Despite Growing Economy, Insurance Largely Unknown in Kurdistan Region
|June 15, 2013||Filled under Iraq Daily News|
“I don’t really know what insurance means,” says Muhammad Sabir, 26, a car mechanic in Erbil’s industrial zone. “I have never had a customer bring in a car for repair on an insurance company account.”
ERBIL, Kurdistan Region – Despite a growing economy the insurance industry remains largely undeveloped and unknown in Iraq’s Kurdistan Region, with auto insurance the only kind in demand in the autonomous northern enclave.
Over the past several years a number of insurance companies have opened shop, but few people use their services or even know anything about them.
According to the owner of an insurance company, car insurance is the only one in demand so far among the Kurdish population.
Muhammad Mahdi, the owner of a car dealership in Erbil, says that purchasing insurance for the vehicles on his lot has given him peace of mind.
“I am not worried at all, even if my cars get stolen or catch fire,” Mahdi told Rudaw. “I have insured all of them and I will be compensated for anything that may happen to them.”
Mahdi says that people still do not understand the value of insurance.
Until the early 1980s many insurance companies existed across Iraq. But they all closed down during the devastating 1980-88 war with Iran, and Iraq’s subsequent invasion of Kuwait which triggered two decades of international sanctions and economic hardship.
“I don’t really know what insurance means,” says Muhammad Sabir, 26, a car mechanic in Erbil’s industrial zone. “I have never had a customer bring in a car for repair on an insurance company account,” he adds.
However long it may take for people of the Kurdistan Region to become familiar with the idea, the region’s booming economy may sooner or later make insurance a necessity.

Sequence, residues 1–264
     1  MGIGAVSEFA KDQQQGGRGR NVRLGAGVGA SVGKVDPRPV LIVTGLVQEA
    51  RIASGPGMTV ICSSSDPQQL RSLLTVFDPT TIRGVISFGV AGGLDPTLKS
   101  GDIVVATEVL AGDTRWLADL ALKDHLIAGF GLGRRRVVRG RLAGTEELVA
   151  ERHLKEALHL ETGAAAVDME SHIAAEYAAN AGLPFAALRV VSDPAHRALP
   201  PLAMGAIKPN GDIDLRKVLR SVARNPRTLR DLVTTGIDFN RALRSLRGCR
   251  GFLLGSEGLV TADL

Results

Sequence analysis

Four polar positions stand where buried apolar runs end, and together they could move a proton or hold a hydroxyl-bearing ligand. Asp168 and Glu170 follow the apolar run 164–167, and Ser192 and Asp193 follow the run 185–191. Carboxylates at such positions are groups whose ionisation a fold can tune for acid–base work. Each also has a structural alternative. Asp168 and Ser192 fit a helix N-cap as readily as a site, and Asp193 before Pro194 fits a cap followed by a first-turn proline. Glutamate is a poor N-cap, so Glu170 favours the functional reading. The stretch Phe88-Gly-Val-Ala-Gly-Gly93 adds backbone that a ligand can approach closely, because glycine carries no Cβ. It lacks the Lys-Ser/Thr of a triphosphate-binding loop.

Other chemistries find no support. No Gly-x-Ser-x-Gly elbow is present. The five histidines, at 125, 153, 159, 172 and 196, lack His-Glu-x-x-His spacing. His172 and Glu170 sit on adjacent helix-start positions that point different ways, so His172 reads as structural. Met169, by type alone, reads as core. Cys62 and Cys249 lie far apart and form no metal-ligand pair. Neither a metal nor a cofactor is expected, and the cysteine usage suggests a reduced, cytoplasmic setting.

“Because of its good economy and oil industry, a huge number of investment companies have come here,” says Haitham Abulaynayn, director general of an insurance company in Erbil. “This makes the need for insurance companies ever greater.”
He adds that because most residents are strangers to the idea, the Kurdistan Regional Government (KRG) should step in and make certain types of insurance mandatory, as in most developed countries.
The government seems to have already taken the first step in this direction, by allowing local and foreign insurance companies to work in the Kurdistan Region. According to a finance ministry decree, all insurance companies are free to work and advertise their services as long as they abide by the region’s laws.
It is possible that some people may have religious reasons for avoiding insurance companies.
“Dealing with insurance companies is prohibited (haram) and Islam considers it the same as gambling,” Ali Faqe, a cleric and member of Kurdistan’s Fatwa Commission, told Rudaw. “You give away all that money and may never get it back.”
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